Residents of two towns in Lithuania have protested against the government’s plans to erect temporary housing facilities for thousands of undocumented migrants in their local areas, with one group clashing with police after refusing to disperse.
Locals of the south-eastern town of Dieveniskes took to the streets on Saturday, campaigning against proposals to house up to 500 migrants in a disused building just 24 metres from a school. The local council unanimously voted against the proposals and dozens of residents prevented construction workers from beginning renovations on the site, prompting government officials to travel to the town for talks.
The town is situated in a pocket of Lithuania almost entirely surrounded by Belarus, whose despotic regime under Alexander Lukashenko has been accused of orchestrating a “hybrid attack” by helping to smuggle migrants across the border into the EU member state.
Meanwhile, protests turned to scuffles with police on Monday in Rūdninkai, a town further inland and approximately 30km from the Lithuanian capital of Vilnius, as protestors made a human chain around the gates of a nearby military facility the government planned to use to house 1,500 illegals.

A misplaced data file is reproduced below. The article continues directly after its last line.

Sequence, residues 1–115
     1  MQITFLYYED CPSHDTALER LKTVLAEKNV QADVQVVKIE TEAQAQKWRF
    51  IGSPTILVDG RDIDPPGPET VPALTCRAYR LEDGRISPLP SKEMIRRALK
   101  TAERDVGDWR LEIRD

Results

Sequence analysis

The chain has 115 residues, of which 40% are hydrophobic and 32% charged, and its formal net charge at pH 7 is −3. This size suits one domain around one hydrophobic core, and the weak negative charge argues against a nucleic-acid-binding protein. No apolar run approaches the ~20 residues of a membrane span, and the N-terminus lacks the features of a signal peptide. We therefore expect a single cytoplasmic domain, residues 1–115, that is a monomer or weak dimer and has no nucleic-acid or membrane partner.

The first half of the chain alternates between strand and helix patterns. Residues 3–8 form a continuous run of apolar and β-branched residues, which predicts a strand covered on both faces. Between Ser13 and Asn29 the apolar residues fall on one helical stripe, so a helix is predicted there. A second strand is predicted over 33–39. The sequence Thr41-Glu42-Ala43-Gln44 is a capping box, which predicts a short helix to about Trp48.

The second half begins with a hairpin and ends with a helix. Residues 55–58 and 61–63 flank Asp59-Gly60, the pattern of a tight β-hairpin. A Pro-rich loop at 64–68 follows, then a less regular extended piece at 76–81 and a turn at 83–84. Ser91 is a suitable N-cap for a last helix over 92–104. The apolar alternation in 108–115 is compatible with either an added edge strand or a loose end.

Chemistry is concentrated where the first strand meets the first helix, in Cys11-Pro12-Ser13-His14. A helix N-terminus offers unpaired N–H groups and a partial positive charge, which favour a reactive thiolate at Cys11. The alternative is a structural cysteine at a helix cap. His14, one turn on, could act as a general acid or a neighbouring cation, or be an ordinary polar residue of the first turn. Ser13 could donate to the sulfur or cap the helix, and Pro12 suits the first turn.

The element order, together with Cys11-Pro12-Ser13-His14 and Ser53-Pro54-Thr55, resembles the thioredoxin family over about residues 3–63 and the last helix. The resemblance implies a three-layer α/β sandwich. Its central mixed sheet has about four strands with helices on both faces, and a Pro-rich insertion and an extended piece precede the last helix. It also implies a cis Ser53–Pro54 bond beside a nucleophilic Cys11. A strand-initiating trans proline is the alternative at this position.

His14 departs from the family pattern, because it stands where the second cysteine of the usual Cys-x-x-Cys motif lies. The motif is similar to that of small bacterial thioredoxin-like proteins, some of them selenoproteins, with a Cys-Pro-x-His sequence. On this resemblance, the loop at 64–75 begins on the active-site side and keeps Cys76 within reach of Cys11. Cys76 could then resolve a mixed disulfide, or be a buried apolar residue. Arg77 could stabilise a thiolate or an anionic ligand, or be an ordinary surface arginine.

The protest was broken up by riot police after local residents refused to disperse, leading to eight arrests.
“For some reason, our state wants to give them asylum, even though they violated our constitution, even though they came to Lithuania illegally,” Darius, a 28-year-old protester told Baltic News Service.
Police have kept personnel guarding the facility into Tuesday with police spokesperson Ramūnas Matonis promising a robust response from authorities to protestors.
“The situation was hot yesterday – the road to the facility was blocked, such things should not happen and the police will react vigorously,” Matonis told LRT Radio.
“It depends on the situation, if there are incidents, the police will be ready to respond, but if there are none, there won’t be much force on the ground.”